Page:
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  11. Rosedale

    Rosedale Member

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    Nah. It's probably imaginary anyhow.
     
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  12. lostlogin

    lostlogin New Member

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    Beddgelert is unlikely to run for a fair whilst unless somebody has a large cheque as I believe it need firebox and or boiler work. Yeo. Sherpa and Russell and more than enough for their daily running requirements and from memory they have the major advantage over Beddgelert in that they have outside motion. When you run by the sea in a sandy environment I think they see it as major advantage to have the motion easily accessible, especially when you consider the size of the locos as there is not a lot of room underneath.

    It is a shame that it will therefore sit in the museum for the foreseeable future as in my view it is a fine looking machine and if ever there was a loco I would happily put my hand in my pocket to support a new build off it would be Beddgelert
     
  13. johnofwessex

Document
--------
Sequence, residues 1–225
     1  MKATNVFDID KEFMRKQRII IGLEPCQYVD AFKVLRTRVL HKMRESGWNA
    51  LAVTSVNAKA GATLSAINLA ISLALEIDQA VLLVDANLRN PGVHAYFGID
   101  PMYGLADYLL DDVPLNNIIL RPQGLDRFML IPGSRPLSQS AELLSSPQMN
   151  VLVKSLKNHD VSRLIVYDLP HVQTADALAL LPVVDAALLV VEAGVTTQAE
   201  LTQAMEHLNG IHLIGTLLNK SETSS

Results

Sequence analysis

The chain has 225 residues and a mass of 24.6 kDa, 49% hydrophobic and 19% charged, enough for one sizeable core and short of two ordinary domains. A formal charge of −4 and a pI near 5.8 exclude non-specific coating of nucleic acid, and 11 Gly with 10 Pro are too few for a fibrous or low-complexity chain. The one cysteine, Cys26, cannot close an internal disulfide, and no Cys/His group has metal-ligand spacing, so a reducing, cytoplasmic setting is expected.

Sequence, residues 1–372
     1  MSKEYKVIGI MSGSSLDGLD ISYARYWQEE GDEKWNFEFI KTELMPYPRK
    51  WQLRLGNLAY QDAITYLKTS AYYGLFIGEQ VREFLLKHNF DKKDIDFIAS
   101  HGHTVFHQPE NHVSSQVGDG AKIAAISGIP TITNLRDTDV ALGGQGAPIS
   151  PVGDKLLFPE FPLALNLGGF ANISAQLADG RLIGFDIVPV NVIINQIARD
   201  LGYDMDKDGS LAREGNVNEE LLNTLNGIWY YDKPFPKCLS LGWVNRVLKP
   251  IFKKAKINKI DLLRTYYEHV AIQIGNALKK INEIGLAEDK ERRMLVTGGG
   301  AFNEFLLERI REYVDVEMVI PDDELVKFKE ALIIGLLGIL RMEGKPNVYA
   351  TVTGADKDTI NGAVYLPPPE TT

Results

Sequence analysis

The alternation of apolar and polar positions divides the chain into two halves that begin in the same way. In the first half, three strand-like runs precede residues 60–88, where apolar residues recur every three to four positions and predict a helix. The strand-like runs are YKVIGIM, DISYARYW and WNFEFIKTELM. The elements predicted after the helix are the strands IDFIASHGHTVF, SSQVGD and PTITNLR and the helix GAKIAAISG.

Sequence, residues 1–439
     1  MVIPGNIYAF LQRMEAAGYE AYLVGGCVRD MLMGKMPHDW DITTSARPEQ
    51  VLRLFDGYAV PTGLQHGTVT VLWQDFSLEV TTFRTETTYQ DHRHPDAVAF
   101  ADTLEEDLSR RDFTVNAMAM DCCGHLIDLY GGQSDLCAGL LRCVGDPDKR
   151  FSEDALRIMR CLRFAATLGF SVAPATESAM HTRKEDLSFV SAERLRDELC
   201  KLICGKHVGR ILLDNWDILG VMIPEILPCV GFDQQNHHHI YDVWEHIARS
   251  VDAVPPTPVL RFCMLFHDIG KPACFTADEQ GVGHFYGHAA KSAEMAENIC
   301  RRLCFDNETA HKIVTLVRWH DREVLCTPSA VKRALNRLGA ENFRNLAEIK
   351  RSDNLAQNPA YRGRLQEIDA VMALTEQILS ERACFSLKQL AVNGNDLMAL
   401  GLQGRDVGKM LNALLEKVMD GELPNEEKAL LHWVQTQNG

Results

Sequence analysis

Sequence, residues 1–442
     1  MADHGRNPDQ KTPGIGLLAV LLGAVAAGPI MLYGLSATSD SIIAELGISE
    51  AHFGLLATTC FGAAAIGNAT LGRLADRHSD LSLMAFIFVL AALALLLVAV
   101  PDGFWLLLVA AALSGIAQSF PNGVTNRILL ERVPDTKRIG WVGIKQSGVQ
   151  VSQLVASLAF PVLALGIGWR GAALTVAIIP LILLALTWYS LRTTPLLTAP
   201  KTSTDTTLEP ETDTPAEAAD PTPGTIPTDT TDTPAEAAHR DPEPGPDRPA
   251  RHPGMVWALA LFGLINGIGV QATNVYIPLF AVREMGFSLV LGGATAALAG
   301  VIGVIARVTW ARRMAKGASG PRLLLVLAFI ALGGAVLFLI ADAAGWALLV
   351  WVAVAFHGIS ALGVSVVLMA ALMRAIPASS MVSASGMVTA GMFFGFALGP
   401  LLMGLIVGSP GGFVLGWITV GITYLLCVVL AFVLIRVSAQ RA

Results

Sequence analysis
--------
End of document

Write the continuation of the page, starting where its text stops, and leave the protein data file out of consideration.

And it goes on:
johnofwessex Part of the furniture

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  14. 61624

    61624 Well-Known Member

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    Actually, I was driving at Fairbourne last week and asked about Beddgelert. The boiler has been inspected recently and passed fit for another ten years, but the chassis is very tired and needs a lot of work - so, still expensive but hopefully work will be able to start within the next few years, but there's not a lot in the appeal fund yet to allow it - so please do donate. A lot heaper than building a new full size one!

    As regards the abandonment of the village, my understanding is that a big part of the problem is the gradual rising of groundwater levels inside the sea defences. With the village basically at sea level it is a problem that cannot be dealt with by improved drainage! As has been said earlier, we've around 35 years left to plan what to do should the abandonment go ahead.

    Some beautiful weather during my visit last week and the trains were full. It is the annual gala this weekend, with "Katie" returning for the first time (in steam) since 1926, I think it is!